So this idea that I was writing about environment and place and had not explored my backyard, so – forgive the phrase—but ass backwards, and I wanted to rectify that, but I did not think that I was good enough to apply. Like, I wasn’t sure who else was applying. And it felt like other people had better cred and somebody else is going to have a better story. And I talked about this with Maggie, my writing partner that I needed to start going after more stuff. I needed to start applying for grants and residencies so that I could get off of this hamster wheel that I was talking about where you just kind of live from paycheck to paycheck, you know, hand to mouth. So this was the first major application that I’d done. And I just told them basically what I told you, what I was curious about, why I wanted it to be this park, why I never had the chance to be in this park, and why I was curious about African Americans living in this area before it became a park.

So it became a park in the 1930s. And there were a bunch of people living within this 800 square miles. And they’re like, “Okay, people, you’ve got to get out. Here’s a check, please leave.” And some people fought it but eventually obviously lost. And now it is a park.

Susan: I didn’t realize that that happened.

Latria Graham: Yeah, a lot of…Especially because the eastern part of the Americas was settled much before the west. So this whole idea of the National Park System, somebody generally speaking, whether it was African Americans or Indigenous People, people were living in these places, and then somebody at a federal level was like, “Hey, we want this now. Get out.” And that’s a major factor that the National Park Service is having to deal with now, and having conversations about those people that were displaced, and how do you honor those people in those histories and all that. So I’m really intrigued by what they did and what they’re trying to do now to rectify it. And some of it is just talking about these histories and acknowledging the people that lived here. And if you go into the Smokies, they preserve some of the houses, not all of them, and some of the records. And so my job…There are no pictures of any of the African Americans that live there. We have a couple of census records, and we have bills of sale for slaves, but that’s basically what’s there. There are no pictures. There are a couple of cemeteries, but we don’t know how many things are buried in them, things like that. So it’s my job to try to find archival work and then pair it with the current landscape and tell the story of a region.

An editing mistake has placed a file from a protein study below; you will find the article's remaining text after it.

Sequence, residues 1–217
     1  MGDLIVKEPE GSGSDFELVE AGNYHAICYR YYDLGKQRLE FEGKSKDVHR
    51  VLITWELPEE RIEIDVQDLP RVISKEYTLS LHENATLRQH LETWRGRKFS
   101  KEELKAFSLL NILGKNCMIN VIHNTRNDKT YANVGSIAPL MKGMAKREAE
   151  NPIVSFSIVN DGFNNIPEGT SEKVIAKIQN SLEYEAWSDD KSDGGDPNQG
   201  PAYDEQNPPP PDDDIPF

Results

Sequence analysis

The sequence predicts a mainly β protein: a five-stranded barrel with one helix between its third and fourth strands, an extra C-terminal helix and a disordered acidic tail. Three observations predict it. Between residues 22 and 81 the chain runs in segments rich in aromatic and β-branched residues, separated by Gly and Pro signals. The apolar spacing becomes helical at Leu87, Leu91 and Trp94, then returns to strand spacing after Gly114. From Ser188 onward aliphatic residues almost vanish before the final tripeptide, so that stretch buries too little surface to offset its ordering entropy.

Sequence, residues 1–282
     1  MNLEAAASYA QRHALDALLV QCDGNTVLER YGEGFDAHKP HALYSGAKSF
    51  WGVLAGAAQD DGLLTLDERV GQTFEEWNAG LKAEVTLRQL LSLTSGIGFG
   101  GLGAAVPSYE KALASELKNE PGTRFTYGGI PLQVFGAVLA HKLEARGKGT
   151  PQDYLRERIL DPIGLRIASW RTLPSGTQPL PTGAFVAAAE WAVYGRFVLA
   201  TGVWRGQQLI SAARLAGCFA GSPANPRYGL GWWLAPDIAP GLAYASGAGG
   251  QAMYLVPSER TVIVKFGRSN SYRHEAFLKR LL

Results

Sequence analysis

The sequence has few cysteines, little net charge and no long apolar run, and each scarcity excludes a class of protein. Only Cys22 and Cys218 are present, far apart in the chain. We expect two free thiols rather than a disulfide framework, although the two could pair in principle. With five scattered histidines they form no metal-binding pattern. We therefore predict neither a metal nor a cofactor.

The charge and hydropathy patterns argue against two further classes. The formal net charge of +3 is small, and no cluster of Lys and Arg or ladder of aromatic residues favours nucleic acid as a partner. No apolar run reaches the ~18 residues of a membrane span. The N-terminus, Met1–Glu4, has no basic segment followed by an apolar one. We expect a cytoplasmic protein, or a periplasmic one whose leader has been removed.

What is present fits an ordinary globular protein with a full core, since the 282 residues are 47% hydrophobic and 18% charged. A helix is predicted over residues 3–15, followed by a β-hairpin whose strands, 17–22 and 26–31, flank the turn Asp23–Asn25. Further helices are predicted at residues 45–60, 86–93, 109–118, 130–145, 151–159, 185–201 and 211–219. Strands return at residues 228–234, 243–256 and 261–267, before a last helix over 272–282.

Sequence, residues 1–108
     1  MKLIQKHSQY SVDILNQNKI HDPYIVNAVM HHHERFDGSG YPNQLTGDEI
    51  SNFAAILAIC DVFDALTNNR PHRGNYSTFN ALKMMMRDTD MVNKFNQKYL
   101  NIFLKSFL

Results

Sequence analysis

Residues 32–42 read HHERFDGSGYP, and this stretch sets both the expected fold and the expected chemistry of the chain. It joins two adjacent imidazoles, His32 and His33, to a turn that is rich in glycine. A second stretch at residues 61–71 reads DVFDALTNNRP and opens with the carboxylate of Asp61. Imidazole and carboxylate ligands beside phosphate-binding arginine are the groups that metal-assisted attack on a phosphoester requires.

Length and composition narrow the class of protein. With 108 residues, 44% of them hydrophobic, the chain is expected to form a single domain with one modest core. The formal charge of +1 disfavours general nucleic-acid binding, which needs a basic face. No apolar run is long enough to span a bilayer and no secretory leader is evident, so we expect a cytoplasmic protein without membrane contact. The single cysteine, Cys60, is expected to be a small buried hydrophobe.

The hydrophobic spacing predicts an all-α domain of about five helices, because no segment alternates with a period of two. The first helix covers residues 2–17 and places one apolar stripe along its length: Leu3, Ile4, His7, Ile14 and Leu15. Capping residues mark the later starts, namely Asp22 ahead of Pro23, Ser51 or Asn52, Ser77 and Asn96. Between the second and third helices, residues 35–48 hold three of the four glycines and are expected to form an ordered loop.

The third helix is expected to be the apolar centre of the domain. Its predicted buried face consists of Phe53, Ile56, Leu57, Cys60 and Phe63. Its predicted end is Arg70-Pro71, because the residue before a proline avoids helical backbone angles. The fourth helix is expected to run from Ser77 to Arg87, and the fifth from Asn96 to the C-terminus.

So right now I’m working on a magazine story about Sook Turner, S-O-O-K, and she lives in Wears Valley, which is near the Tremont area of Great Smoky Mountains and she and three of her family members are buried up on this ridge. The archive didn’t even have a photo of the graves. And so I found her in a census record. And I have an oral history of her when some children had the flu, she came in and cared for them. But they had never seen a black person before and one of the little girls was so scared, she hid under the bed. And so it gives you some sense that there were not a lot of black people at least in this particular valley—and start like, putting together her life. I probably will never know what she looks like unless I’m able to find some descendants. And I’ve got one descendant that I’m trying to reach now to see how much she knows about her family from 100 years ago. Right now, I think Sook Turner was around during the 1918 flu outbreak in that area. And so I’m trying to sort of piece together who else she may have cared for within walking distance of her home, or in this valley and sort of work backwards that way as well as work from someone that I think may be a current descendant of this woman.

Susan: Wow! Wow!

Latria Graham: Yeah, it’s a little depressing, you know, because they didn’t…When it comes to people of color, like there’s this one photo we found and it was like Josie and the Cook, Josie is the donkey and they did not name the cook. And so it was just that like black people were not significant enough to document. And so when you think about yourself as a black person now, and obviously I have a huge paper trail as a person census record, like, you know, voting records, all these things and knowing that they did not have that. And also thinking that there were either—it’s either 573 or 537 slaves in this area. There were three major valleys in the park and there were slaves there and trying to figure out what happened to all of them and where their descendants are in and all that, it’s a little haunting and slightly depressing. But it’s also really hopeful to know that some of them survived this and had families and things and try to figure out like the story and sort of resilience of these people.

So it was a little bit lonely in that way in the woods, but there are other researchers. So I’m not the only researcher out there. There’s one in Oconaluftee, there’s one working on the Gatlinburg side of the park, and then I’m in Wears Valley, the Tremont side of the park. But yeah, it feels a little bit like some sort of emotional archaeological dig, and I’m really curious. I thought I would be able to do this in six weeks and obviously couldn’t and now it’s like a two to five year commitment. But I’m really honored that I have the opportunity to do some of this.

Susan: It sounds like you have a book, not an article.

Latria Graham: Yeah.

Susan: I’m not saying that’s what you really want to do.

Latria Graham: Right. Probably, I will not deny that at all. I’m just sort of wary about it because I’d be like I have to find enough people for it to come together because this story matters. I was originally gonna say, I have to have enough pieces for this matter, but I was like, no, like she’s buried there, she matters. Like that is not the questions but in order to give people a full enough story, I have to have enough pieces that comes together. So it may be a book. I honestly don’t know. I also don’t want to, if she has descendants take that—not really take that story from them but give them that opportunity to tell that story or to be like, here’s what I found out about your great grandmother, like it may not necessarily belong to me